Podcast Product Management |

Optimizely’s Claire Vo on the power of product experimentation

If you ask Claire Vo to describe product managers with one adjective, it’s greedy.

It’s a term that Claire, VP of Product Management at Optimizely, uses endearingly. After all, PMs want more adoption for their product and more usage of their features, and it’s that greed that drives them to continuously experiment with new and better solutions.

As an organization scales, managing experiments – and democratizing their learnings – quickly becomes complex. Solving that specific problem is what led Claire to build Experiment Engine, which Optimizely acquired in 2017. Prior to that, Claire led product management and user experience teams at several eCommerce and tech companies, including Electronic Arts and uShip.

I hosted Claire on our podcast to learn how her product team selects and prioritizes its experiments, ways to make sure results are shared and accessible company-wide, and how to source more experiment ideas from outside your product team. If you enjoy the conversation, check out more episodes of our podcast. You can subscribe on iTunes, stream on Spotify or grab the RSS feed in your player of choice.

What follows is a lightly edited transcript of our conversation.


Adam Risman: Claire, welcome to Inside Intercom. There are a lot of very different paths into product management. What was yours?

Claire Vo: I have one of those highly lucrative liberal arts degrees, so I got a non-traditional academic start in product management. My first job was at uShip, in Austin, Texas. It was a classic startup PM role where I was the employee number 13. I gravitated towards product because you really got to do everything at that stage. You’re building marketing, you’re building messaging, but you’re also building experiences. Ultimately I’d go on to run several product teams including one at Electronic Arts. At that company, I really decided I was ready for entrepreneurship, and I had this idea about how to make experimentation at scale easier.

I then founded Experiment Engine, and I ran that company for about three years, until it was acquired by Optimizely. Today I’m the VP of Product, and I help run all our product strategy, development and design teams.

Adam: What’s the size of your product team, and how is it structured?

Claire: We have about 10 people on the product team, and then a handful of product designers. We have a product team focused in three major areas. We have a team of PMs focused on our experimentation products, which include our web experimentation, web personalization and full-stack server-side experimentation products. We have a second set of PMs focused on our data products, which include our events pipeline, data processing, statistics and all of our reporting around experimentation programs. The third group of PMs is really focused on the product that I built at Experiment Engine, which was ultimately integrated into the product suite at Optimizely and is now called Program Management. It includes all of our workflow and collaboration tools for teams running experimentation at scale.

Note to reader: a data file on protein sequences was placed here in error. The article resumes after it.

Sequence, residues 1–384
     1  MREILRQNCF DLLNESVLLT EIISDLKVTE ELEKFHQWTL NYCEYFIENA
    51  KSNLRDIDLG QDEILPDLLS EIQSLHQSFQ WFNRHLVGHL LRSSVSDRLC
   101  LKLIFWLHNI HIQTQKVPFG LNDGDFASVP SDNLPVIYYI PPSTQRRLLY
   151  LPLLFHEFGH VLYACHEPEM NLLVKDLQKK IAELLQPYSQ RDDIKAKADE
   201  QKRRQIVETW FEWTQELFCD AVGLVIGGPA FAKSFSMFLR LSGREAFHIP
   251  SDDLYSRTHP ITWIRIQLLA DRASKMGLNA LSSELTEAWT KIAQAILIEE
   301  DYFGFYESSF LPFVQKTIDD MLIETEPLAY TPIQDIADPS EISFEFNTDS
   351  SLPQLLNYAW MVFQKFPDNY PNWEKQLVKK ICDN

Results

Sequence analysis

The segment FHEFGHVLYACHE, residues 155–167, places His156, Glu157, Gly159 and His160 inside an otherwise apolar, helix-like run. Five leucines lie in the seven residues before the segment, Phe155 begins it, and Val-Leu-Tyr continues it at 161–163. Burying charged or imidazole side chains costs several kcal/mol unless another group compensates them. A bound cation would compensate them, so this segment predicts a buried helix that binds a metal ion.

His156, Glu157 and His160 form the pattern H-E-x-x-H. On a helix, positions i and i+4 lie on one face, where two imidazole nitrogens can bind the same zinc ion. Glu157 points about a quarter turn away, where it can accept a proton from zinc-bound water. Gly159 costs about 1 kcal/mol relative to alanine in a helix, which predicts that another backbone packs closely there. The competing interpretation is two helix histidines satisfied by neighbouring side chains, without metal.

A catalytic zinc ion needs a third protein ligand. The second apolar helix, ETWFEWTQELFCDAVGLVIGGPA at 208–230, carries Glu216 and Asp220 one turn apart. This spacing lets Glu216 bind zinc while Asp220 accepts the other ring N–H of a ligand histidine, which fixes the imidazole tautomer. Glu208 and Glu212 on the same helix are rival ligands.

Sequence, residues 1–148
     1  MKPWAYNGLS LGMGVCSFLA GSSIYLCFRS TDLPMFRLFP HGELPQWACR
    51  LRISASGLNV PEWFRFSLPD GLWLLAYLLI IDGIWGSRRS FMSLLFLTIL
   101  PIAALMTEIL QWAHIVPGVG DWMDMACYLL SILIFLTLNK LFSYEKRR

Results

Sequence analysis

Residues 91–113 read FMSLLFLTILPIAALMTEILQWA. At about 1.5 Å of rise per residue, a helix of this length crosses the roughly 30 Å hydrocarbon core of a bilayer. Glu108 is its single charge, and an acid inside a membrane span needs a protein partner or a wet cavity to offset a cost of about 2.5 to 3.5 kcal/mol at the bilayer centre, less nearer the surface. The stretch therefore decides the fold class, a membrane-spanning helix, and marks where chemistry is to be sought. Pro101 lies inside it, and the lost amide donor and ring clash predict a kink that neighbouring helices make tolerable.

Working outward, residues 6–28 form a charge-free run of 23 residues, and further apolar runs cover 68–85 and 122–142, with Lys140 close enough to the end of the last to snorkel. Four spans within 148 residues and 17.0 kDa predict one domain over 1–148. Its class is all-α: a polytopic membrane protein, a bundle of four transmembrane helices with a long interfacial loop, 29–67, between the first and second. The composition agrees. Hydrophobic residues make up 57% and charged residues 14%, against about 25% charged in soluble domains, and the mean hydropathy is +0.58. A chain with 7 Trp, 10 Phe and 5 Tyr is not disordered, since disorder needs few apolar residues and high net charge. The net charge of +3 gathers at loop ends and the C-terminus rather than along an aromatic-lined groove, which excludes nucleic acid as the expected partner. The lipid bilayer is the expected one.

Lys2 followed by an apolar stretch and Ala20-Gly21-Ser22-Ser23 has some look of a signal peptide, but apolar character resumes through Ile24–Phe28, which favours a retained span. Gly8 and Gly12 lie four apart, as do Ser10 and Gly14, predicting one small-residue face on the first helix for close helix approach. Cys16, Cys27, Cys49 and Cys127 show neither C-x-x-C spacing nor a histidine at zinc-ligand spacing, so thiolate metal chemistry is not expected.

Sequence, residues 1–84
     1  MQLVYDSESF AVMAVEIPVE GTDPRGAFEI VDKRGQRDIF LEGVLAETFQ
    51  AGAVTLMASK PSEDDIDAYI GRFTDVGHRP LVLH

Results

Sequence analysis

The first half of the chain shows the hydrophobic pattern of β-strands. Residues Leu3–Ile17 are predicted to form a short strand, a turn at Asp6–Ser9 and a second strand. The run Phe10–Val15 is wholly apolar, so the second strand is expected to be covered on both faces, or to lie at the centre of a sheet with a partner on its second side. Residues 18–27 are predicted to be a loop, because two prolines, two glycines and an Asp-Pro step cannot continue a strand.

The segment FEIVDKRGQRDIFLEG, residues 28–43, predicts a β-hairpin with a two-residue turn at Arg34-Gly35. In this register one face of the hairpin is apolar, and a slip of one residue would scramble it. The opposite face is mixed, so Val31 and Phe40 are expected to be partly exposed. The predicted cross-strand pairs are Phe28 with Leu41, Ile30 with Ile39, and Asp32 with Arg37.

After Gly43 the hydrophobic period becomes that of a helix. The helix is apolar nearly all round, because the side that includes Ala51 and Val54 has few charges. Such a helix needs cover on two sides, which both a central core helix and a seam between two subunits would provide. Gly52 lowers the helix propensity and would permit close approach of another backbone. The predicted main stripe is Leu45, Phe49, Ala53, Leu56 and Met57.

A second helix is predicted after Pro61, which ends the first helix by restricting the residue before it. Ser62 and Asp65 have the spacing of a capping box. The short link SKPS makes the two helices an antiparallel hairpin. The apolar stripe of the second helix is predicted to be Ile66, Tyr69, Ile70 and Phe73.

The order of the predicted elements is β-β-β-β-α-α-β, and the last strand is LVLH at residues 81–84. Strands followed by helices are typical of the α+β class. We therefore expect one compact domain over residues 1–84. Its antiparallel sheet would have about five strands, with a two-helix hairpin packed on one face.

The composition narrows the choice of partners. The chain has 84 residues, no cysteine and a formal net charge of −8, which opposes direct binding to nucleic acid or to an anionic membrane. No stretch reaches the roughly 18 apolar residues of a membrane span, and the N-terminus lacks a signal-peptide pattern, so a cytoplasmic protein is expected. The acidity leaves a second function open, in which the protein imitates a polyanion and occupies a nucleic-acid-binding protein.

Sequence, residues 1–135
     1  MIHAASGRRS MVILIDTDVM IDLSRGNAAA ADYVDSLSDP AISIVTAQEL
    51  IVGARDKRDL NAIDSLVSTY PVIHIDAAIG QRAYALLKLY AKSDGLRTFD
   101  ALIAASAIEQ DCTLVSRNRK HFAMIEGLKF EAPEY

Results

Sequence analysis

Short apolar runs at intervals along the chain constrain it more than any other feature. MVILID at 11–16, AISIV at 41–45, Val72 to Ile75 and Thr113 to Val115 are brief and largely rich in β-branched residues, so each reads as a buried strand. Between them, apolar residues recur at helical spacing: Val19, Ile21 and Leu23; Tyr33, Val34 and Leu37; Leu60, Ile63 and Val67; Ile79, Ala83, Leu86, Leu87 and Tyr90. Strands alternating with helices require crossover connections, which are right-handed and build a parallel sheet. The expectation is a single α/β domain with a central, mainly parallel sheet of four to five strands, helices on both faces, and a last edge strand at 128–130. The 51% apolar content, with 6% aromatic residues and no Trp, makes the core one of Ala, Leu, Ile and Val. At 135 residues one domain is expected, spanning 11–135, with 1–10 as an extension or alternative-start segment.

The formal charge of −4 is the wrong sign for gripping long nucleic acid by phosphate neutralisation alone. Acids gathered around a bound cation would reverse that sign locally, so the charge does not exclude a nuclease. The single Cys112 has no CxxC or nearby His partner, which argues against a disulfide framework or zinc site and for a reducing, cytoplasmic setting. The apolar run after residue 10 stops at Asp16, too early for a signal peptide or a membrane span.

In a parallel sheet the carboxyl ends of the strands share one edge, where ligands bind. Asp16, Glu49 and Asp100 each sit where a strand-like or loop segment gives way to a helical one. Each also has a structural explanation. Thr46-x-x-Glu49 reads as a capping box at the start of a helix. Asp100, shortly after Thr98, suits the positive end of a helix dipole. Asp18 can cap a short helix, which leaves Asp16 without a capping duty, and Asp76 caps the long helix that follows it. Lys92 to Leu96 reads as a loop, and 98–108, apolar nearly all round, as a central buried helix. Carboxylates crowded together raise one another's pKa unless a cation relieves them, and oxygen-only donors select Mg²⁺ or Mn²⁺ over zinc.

Creating a culture around experimentation

Adam: When it comes to experimentation in product teams, what does a healthy culture of experimentation look like to you?

Claire: In terms of a culture of experimentation, the most important thing is approaching everything with hypothesis thinking. There are no genius product managers, right? There’s no one who just absolutely knows how a customer is going to react. There are very smart and strategic, and organized, and thoughtful and data-driven product managers. But the best product managers really approach things with the mindset of, this is a hypothesis that I have, this is how I’m going to measure whether or not I’m right, and I’m going to cycle through that quickly to get to the answer for the business and for the customers.

Approach everything with hypothesis thinking

Adam: In a lot of companies, hypothesis thinking gets siloed within product management. Obviously, it’s core to the job, but how do you spread that to other disciplines? What role should, for example, engineering, design or marketing play?

Claire: The company that I built, Experiment Engine, was really founded on the concept that enterprise-wide experimentation was the only way you could really scale a program. One of the key problems we tried to solve was how do you break down silos between departments, and truly build an end to end culture of experimentation? Not just in product engineering and design, but in marketing, customer success, sales, the executive team, etc. We built a SaaS platform for managing your experimentation, capturing ideas, prioritizing ideas, collaborating on bringing those to life and then capturing the results from those experiments. We use that product today to solicit ideas from across the organization.